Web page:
For a long time, I was unsure where this story was going. The cast of characters is small, and I was not clear how Holding was going to resolve the situation that she had created. But in a sequence of unpredictable (but not unreasonable) plot developments, she reminds us that, in a crime novel, nothing is what it seems. I found it all quite gripping, and another good example of Holding's quiet literary accomplishment.

Friday, 2 August 2019

Forgotten Book - Death in a Deck Chair

Death in a Deck Chair is a novel written by K.K. Beck and published in 1984. Kathrine Kristine Beck (also known as Marris, a surname of one of the characters in the story), who also wrote as Marie Oliver, was a prolific American crime writer for the fifteen years up to 1999. She was married to the talented British crime novelist Michael Dibdin, who sadly died in 2007, but why she gave up writing herself when she was still under the age of 50, I don't know. She originated from Seattle and evidently worked in advertising, as so many detective novelists have done.

This novel is very much in the American "cosy" tradition. It's set in the summer of 1927, and introduces an attractive 19 year old girl, Iris Cooper, who proceeded to appear in two further novels before Beck moved on to produce other stories. And it's another cruise ship story, as Iris and her aunt Hermione take a trip on board the luxury liner HMS Irenia, sailing from Southampton back home to Portland, Oregon.

Iris befriends a shy young man called Twist, who is secretary to Professor Probrislow, a specialist in criminal lunacy. She is, however, warned against Twist by the ship's pianist. The other passengers include a Count, a Cardinal, a German governess, a newspaperman, a judge, and the rather enigmatic Mrs Destinoy-Pinchot.

Before long, someone is murdered, and a rather inept investigation is conducted on board, with Iris brought in to perform secretarial services. Needless to say, she decides to try her hand at amateur sleuthing. I'm afraid my attention was beginning to wander even before a Ruritanian-style European kingdom was introduced into the storyline. My worst fears were confirmed when affairs in Graznia proved to play an important part in the plot. It's quite competently done, but it was all too tame for me, I'm sorry to say. Death in a Deck Chair makes the typical Agatha Christie look like something by Jim Thompson.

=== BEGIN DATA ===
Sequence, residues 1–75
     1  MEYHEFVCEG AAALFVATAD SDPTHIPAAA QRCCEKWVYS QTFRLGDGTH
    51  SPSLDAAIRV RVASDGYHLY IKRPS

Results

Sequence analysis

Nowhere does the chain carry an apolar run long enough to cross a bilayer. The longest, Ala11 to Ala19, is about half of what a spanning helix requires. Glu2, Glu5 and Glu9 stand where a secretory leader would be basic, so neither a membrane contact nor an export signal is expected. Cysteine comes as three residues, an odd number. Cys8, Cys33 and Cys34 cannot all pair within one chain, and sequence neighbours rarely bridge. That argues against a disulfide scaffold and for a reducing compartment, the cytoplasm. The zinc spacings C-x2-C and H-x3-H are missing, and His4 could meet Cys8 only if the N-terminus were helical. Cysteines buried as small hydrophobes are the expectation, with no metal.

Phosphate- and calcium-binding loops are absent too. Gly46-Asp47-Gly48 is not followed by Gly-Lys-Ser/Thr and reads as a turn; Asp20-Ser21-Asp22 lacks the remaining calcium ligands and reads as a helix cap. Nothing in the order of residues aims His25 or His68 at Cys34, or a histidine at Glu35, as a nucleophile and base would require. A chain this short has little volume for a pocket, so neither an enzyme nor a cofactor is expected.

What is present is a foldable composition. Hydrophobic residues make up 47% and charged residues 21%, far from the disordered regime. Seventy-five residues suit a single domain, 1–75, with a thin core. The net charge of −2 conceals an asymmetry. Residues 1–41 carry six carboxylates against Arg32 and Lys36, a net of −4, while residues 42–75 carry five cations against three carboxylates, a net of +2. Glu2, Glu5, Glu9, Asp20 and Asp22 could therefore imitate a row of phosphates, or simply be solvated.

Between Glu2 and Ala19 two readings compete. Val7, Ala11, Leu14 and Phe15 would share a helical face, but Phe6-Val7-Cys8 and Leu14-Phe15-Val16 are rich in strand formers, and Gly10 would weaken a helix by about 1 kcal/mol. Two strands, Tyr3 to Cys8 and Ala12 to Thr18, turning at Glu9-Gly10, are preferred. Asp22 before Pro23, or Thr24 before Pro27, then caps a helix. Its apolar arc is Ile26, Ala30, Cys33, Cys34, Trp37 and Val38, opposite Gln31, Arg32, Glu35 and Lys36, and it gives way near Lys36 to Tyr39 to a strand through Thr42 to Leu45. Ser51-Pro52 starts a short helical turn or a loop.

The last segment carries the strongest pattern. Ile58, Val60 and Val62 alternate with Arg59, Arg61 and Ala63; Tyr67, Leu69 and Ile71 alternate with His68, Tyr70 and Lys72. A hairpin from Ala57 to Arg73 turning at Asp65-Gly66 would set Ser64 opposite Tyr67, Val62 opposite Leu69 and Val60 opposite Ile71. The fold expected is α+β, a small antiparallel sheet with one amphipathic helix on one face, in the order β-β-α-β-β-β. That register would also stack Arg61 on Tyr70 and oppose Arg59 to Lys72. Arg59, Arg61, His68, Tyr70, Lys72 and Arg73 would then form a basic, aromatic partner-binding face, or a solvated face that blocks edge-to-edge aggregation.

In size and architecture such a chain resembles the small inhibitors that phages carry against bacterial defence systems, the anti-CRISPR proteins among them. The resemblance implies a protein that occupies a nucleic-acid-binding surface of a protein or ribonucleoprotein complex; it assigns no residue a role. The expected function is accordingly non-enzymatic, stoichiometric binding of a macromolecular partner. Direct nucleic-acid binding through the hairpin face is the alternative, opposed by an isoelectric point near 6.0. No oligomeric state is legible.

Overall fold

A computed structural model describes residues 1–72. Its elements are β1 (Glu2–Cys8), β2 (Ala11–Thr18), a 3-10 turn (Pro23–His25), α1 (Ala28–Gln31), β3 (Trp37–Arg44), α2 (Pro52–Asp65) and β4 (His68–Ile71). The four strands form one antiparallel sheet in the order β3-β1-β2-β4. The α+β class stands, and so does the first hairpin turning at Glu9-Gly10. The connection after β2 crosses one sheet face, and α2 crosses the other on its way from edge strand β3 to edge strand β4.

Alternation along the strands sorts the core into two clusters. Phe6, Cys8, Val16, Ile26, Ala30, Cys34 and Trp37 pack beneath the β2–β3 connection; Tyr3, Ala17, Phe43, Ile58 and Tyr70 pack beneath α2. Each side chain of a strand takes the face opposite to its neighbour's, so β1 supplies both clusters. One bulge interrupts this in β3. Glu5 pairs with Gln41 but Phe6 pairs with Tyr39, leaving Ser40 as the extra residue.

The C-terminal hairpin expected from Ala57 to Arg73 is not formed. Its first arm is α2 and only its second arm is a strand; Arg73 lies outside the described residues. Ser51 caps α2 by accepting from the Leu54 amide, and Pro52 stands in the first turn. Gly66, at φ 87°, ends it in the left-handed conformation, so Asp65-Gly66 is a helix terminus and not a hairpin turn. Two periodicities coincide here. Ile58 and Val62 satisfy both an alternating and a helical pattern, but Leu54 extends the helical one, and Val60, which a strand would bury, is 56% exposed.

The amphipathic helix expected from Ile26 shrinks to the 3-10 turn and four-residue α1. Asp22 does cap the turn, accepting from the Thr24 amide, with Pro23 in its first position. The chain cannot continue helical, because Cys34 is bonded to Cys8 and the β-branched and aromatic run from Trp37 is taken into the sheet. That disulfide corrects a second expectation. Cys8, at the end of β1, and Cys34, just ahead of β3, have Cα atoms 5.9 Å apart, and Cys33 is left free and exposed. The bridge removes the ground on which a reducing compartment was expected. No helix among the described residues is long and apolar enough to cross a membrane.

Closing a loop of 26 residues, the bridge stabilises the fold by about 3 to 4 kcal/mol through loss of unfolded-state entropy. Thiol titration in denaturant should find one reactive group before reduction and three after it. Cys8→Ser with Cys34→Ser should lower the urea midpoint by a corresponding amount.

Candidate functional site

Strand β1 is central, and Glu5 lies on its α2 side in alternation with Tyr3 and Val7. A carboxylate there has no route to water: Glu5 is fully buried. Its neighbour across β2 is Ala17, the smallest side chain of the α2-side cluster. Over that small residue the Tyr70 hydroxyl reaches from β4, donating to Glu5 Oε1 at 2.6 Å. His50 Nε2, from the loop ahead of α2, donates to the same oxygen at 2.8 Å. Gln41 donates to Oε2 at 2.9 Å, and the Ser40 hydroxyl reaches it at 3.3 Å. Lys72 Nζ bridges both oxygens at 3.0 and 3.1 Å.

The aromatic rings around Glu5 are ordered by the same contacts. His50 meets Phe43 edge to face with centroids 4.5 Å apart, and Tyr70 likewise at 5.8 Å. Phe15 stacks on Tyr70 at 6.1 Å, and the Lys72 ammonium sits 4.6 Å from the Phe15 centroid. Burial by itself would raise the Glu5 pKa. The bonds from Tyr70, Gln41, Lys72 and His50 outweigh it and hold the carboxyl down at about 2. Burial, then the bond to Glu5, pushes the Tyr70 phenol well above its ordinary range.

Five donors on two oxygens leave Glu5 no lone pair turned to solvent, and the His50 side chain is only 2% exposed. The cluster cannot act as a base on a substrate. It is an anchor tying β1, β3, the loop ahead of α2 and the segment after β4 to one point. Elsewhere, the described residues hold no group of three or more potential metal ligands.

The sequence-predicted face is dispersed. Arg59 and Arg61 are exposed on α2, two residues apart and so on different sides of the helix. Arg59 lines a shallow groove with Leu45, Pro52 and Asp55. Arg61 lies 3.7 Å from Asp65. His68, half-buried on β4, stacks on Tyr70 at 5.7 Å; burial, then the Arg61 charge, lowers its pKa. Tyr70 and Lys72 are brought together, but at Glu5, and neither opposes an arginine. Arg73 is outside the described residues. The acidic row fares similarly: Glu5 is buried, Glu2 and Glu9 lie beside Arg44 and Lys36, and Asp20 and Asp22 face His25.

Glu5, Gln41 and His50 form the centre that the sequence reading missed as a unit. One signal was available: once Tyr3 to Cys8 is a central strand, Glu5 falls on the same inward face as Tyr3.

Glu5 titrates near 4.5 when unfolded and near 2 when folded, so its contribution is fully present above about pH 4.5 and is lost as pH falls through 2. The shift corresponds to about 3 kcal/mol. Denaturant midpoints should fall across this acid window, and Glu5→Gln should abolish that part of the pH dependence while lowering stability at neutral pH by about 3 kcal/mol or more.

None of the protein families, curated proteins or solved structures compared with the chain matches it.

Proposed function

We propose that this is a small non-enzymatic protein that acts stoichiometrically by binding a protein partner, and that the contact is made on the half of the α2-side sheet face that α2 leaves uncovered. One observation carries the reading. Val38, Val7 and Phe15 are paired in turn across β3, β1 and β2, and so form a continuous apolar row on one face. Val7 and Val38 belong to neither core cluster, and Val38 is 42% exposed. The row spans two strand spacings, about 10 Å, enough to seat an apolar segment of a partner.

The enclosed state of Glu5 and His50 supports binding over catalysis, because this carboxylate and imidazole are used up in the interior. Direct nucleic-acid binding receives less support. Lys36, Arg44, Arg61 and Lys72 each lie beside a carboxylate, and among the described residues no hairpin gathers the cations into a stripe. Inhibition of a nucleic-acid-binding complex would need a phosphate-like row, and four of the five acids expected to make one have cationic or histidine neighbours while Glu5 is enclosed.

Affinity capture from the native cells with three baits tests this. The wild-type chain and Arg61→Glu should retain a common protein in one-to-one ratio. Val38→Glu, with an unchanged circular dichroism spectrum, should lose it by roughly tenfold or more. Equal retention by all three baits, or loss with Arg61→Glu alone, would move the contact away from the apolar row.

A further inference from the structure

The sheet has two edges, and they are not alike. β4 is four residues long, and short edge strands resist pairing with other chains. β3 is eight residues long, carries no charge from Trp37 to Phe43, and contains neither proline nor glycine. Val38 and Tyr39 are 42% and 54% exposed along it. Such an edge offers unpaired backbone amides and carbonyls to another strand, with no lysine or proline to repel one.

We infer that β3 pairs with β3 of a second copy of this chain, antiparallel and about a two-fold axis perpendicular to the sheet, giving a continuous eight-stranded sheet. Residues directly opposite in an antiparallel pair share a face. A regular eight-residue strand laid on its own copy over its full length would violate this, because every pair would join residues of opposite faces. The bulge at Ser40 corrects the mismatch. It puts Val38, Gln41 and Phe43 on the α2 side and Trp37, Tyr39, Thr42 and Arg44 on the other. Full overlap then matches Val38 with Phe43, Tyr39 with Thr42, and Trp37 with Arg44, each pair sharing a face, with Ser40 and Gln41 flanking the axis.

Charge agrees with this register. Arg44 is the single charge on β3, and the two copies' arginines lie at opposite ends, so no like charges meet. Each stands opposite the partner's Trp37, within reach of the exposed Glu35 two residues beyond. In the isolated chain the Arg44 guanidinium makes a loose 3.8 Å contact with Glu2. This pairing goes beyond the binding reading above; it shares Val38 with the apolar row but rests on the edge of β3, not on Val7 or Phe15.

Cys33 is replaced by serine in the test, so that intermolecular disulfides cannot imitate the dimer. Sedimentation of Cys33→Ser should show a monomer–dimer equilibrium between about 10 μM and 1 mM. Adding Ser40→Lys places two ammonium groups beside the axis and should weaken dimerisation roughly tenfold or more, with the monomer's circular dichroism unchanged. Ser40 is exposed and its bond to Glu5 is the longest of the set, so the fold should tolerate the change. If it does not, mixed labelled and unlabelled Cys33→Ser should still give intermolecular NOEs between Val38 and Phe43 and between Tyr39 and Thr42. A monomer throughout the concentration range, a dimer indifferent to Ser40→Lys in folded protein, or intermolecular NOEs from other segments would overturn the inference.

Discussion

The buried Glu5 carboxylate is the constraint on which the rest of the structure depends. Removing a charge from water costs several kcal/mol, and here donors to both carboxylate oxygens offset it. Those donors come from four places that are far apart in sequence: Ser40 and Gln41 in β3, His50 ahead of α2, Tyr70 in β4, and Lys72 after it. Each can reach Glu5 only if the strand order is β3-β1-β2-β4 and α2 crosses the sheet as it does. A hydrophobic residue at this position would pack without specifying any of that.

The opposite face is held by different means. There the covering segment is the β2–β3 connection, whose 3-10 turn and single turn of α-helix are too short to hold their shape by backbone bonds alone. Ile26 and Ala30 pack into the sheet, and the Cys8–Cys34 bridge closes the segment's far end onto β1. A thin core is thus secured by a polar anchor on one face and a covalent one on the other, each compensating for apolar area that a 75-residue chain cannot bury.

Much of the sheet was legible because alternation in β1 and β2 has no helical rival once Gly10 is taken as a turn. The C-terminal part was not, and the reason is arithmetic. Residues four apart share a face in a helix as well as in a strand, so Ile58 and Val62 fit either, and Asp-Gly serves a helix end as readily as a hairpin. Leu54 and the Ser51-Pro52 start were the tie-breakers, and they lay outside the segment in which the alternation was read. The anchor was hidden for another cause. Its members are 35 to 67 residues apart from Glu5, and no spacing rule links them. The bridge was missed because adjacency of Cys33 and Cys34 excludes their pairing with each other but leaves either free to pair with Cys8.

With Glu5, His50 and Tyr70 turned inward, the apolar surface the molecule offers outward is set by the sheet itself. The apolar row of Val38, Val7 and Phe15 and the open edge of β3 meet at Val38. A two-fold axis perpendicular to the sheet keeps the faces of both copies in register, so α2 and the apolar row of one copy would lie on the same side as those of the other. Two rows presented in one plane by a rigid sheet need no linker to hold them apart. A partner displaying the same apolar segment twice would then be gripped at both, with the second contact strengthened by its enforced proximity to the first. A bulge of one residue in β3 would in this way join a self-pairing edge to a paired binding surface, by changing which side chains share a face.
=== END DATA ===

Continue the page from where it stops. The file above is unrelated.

Wednesday, 31 July 2019

The Adventures of Maud West, Lady Detective


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When I met Susannah Stapleton at Alibis in the Archive a couple of years ago, she told me about a book she was working on, which sounded intriguing to say the least. We've met and spoken about it a couple of times since then, and I was very pleased to see it come out to highly positive reviews a short while ago. I've now had a chance to read it for myself.

The Adventures of Maud West, Lady Detective, is published by Picador and subtitled "Secrets and Lies in the Golden Age of Crime".  Sounds tempting, doesn't it? I was hooked just from looking at the chapter titles - they are taken from the titles of classic crime books, starting with a prologue called "The Lady Vanishes" in which we learn about the mysterious Maud West, who was a private investigator based in London in the early part of the twentieth century. On finding out about her, Susannah decided to do a bit of amateur sleuthing herself, and this book is the result.